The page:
The Complete Guide To Vintage Levi's Tabs
Why do Levi’s have different colour tabs? Why have some Levi’s got big ‘E’s’ and others small? Why has the tab been cut off on my vintage Levi’s? As the first name on everybody’s lips when asked about the world’s most famous Denim brand, Levi’s traces its origins to Bavarian immigrant Levi Strauss (1829-1902), who emigrated to San Francisco in 1850, where he noticed a demand for durable pants from the miners of the US Gold Rush, and Levi’s was born. However, it wasn’t until the 1890’s, 40 years later however, that Levi’s created their first pair of their most famous jeans, Levi’s 501.
Why do Levi’s have a red tab on the back pocket?
Instantly recognisable despite their small size, Levi’s tabs are the trademark of Levi’s. A small piece of fabric tied to the brand across the world, the Levi’s tab stands for quality and craftsmanship in line with the brand’s core values and production of high quality goods. Off the back of an expired patent in the late 19th century, Levi’s needed to set themselves apart. Many other jeans being produced at the time had similar pocket stitching, a patch on the waistband, and not to mention being blue. Thus, Chris Lucier, national sales manager of Levi’s at the time, came up with the idea of the red tab with ‘Levi’s’ sewn in white, such that the brand could be seen and recognised at first sight. By the turn of the century, with the brand growing in recognition, you immediately knew if someone was wearing a pair of Levi’s. The tab was then patented in 1936 and has since been at the forefront of ruthless copies around the world. It's so heavily imitated that Levi’s now hire full-time members of staff to catch out and sue the sellers of those using their red tab!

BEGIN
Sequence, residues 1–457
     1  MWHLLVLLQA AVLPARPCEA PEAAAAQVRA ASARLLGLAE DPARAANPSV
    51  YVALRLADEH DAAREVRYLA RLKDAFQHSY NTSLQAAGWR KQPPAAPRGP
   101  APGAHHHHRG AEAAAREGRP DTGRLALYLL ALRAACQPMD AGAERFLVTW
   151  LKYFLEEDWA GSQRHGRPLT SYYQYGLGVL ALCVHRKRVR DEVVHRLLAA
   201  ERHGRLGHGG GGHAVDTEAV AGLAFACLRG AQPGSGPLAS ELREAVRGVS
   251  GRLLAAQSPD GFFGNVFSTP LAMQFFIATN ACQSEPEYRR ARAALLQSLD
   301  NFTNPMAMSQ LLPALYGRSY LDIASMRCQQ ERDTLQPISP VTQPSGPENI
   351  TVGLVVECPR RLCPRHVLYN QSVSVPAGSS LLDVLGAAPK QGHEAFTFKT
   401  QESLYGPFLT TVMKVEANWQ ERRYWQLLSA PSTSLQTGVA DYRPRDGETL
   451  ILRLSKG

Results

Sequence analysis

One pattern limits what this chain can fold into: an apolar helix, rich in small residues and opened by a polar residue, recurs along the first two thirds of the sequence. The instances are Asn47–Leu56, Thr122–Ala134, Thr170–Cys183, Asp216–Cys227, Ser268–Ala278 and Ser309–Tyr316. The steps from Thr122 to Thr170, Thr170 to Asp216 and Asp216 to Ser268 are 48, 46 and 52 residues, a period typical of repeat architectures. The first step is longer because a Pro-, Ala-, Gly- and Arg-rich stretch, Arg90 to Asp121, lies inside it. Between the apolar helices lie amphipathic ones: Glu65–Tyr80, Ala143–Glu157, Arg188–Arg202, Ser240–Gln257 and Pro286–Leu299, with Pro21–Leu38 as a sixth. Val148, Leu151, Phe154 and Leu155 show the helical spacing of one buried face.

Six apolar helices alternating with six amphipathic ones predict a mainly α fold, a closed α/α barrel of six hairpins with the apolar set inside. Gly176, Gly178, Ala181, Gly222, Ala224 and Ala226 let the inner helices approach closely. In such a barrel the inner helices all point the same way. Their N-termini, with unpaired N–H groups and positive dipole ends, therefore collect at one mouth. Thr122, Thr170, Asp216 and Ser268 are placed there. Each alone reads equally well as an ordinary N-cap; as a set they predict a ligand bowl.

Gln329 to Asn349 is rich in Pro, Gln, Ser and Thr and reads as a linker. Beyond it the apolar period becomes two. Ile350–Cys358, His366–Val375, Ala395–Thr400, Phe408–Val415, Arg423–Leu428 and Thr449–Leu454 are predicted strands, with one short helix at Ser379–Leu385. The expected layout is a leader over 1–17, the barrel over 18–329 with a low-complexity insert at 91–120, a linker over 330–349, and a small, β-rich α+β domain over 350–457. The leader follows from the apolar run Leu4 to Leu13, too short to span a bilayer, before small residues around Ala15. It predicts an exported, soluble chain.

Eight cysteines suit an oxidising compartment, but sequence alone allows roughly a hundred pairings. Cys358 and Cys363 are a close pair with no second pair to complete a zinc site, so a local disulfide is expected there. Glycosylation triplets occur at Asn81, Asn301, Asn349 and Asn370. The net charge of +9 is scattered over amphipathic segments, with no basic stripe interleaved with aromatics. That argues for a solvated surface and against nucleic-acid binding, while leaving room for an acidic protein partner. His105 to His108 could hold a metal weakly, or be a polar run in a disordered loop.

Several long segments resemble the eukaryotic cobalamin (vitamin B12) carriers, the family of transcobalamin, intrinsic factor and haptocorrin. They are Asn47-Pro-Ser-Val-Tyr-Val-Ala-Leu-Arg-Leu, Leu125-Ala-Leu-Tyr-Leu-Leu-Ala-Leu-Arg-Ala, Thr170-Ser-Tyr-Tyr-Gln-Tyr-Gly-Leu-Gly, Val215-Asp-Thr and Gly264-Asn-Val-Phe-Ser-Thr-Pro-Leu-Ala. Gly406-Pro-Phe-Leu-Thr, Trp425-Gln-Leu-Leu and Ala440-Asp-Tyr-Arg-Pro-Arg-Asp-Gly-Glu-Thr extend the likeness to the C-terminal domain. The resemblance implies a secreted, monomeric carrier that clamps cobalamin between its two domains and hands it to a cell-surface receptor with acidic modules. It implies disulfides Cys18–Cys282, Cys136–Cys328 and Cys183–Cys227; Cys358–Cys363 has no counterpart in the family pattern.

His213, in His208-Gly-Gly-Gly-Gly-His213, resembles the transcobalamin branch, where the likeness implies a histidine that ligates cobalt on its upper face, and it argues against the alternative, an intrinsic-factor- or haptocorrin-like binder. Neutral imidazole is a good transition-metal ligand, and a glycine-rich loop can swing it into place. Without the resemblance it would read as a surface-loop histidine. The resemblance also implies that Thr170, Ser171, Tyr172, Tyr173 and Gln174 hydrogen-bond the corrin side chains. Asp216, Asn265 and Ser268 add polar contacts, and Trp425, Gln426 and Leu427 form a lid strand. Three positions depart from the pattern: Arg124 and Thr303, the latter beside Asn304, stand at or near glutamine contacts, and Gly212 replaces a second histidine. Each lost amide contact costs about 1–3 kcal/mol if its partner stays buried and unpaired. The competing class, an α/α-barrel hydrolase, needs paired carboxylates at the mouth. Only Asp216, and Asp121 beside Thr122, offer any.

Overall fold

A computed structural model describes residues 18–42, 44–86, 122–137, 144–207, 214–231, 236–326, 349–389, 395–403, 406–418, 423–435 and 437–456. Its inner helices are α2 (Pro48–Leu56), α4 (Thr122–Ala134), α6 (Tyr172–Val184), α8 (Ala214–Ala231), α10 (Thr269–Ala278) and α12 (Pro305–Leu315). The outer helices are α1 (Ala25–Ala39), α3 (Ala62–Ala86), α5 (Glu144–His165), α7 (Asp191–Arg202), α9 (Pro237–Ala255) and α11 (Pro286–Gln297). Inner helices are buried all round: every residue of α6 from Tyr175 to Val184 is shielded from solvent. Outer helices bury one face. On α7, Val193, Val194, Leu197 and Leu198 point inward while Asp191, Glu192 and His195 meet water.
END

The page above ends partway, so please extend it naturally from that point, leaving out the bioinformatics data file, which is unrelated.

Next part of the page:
The Big ‘E’A collectors item! Have a pair of Levi’s with a full capital spelling in Levi’s on the tab? You’ve got yourself a pair of pre-1971 jeans. As time progresses, ‘Big E’ tabs, as they’re known in the industry, are increasingly hard to come by, and even harder in top condition!
The Small ‘E’So why did Levi’s change to a small ‘e’? In 1971, Levi’s decided to switch the spelling of the tab back to a lowercase ‘e’, in order to make it easier for collectors to differentiate the 2 era’s of Levi’s pre and post 1971.
My Levi’s don’t have any text on the tab? As we mentioned before, Levi’s take counterfeit of their trademark very seriously, requiring legal over-time to maintain the right to market for their trademark. To strengthen this, Levi’s produce a limited batch of products with a completely blank plain tab, aside from their trademark symbol. This proves ownership and trademark of the tab and it’s positioning, not just the wording on the tab. My Levi’s tab is a different colour?
Orange tab is the experimental arm of Levi’s design team, differentiating from the popular Levi’s fits such as the 501. In the 1960’s Levi’s introduced the orange tab as their ‘fashion denim’, spanning their entire range from Jackets to caps, flares and bootcuts, orange tab became a staple of the youth, blurring the lines between classic denim silhouettes, and moving away from the comfort zone of fits that Levi’s were known for. Orange tab are our favourite type of Levi’s, they’re slightly harder to come by, due to their age, but they often fill the void for that ‘perfect pair of denim jeans’ that everyone is always looking for! Top tip: To distinguish between 60’s and 70’s orange tab, and subsequently high value in the former, keep an eye out for care labels, as these weren’t legally enforced in the USA until 1971.
Not seen too often, Levi’s White tab ran between the 60’s and 70s and are most commonly seen on Levi’s range of corduroy, including corduroy trousers and jackets.